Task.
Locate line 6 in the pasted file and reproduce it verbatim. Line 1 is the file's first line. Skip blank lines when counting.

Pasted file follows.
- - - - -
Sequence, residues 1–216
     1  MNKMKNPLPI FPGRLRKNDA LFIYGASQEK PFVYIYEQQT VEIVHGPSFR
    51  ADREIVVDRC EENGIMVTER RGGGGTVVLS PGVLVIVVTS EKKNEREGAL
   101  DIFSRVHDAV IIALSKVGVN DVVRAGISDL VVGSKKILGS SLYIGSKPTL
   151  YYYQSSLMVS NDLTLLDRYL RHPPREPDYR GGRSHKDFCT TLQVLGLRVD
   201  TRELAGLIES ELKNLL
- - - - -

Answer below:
   201  TRELAGLIES ELKNLL